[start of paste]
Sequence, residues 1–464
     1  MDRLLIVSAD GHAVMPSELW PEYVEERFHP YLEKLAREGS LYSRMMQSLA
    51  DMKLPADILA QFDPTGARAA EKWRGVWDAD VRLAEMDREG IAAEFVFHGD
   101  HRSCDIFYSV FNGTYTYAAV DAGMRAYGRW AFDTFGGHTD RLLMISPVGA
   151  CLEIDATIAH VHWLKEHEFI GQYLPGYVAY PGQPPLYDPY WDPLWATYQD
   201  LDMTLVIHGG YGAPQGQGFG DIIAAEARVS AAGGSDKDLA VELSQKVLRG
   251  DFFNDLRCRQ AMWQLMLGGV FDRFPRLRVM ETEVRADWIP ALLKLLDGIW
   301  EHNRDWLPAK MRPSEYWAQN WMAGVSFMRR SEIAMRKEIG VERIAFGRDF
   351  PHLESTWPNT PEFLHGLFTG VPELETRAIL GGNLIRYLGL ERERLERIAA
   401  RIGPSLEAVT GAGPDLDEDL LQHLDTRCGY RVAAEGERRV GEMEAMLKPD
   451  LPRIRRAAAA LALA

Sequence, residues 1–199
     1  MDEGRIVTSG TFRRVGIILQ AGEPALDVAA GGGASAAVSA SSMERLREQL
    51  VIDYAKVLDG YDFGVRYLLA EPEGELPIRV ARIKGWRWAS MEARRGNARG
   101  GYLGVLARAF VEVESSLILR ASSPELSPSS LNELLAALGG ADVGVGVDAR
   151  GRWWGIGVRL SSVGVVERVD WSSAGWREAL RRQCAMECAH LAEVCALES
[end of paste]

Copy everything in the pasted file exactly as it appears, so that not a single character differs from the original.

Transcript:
Sequence, residues 1–464
     1  MDRLLIVSAD GHAVMPSELW PEYVEERFHP YLEKLAREGS LYSRMMQSLA
    51  DMKLPADILA QFDPTGARAA EKWRGVWDAD VRLAEMDREG IAAEFVFHGD
   101  HRSCDIFYSV FNGTYTYAAV DAGMRAYGRW AFDTFGGHTD RLLMISPVGA
   151  CLEIDATIAH VHWLKEHEFI GQYLPGYVAY PGQPPLYDPY WDPLWATYQD
   201  LDMTLVIHGG YGAPQGQGFG DIIAAEARVS AAGGSDKDLA VELSQKVLRG
   251  DFFNDLRCRQ AMWQLMLGGV FDRFPRLRVM ETEVRADWIP ALLKLLDGIW
   301  EHNRDWLPAK MRPSEYWAQN WMAGVSFMRR SEIAMRKEIG VERIAFGRDF
   351  PHLESTWPNT PEFLHGLFTG VPELETRAIL GGNLIRYLGL ERERLERIAA
   401  RIGPSLEAVT GAGPDLDEDL LQHLDTRCGY RVAAEGERRV GEMEAMLKPD
   451  LPRIRRAAAA LALA

Sequence, residues 1–199
     1  MDEGRIVTSG TFRRVGIILQ AGEPALDVAA GGGASAAVSA SSMERLREQL
    51  VIDYAKVLDG YDFGVRYLLA EPEGELPIRV ARIKGWRWAS MEARRGNARG
   101  GYLGVLARAF VEVESSLILR ASSPELSPSS LNELLAALGG ADVGVGVDAR
   151  GRWWGIGVRL SSVGVVERVD WSSAGWREAL RRQCAMECAH LAEVCALES